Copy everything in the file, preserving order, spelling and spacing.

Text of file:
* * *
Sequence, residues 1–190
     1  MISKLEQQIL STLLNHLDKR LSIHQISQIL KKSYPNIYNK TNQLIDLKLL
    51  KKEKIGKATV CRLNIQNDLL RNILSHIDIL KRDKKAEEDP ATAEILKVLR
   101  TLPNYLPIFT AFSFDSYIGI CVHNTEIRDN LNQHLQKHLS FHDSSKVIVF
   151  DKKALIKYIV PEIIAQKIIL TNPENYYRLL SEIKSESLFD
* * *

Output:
Sequence, residues 1–190
     1  MISKLEQQIL STLLNHLDKR LSIHQISQIL KKSYPNIYNK TNQLIDLKLL
    51  KKEKIGKATV CRLNIQNDLL RNILSHIDIL KRDKKAEEDP ATAEILKVLR
   101  TLPNYLPIFT AFSFDSYIGI CVHNTEIRDN LNQHLQKHLS FHDSSKVIVF
   151  DKKALIKYIV PEIIAQKIIL TNPENYYRLL SEIKSESLFD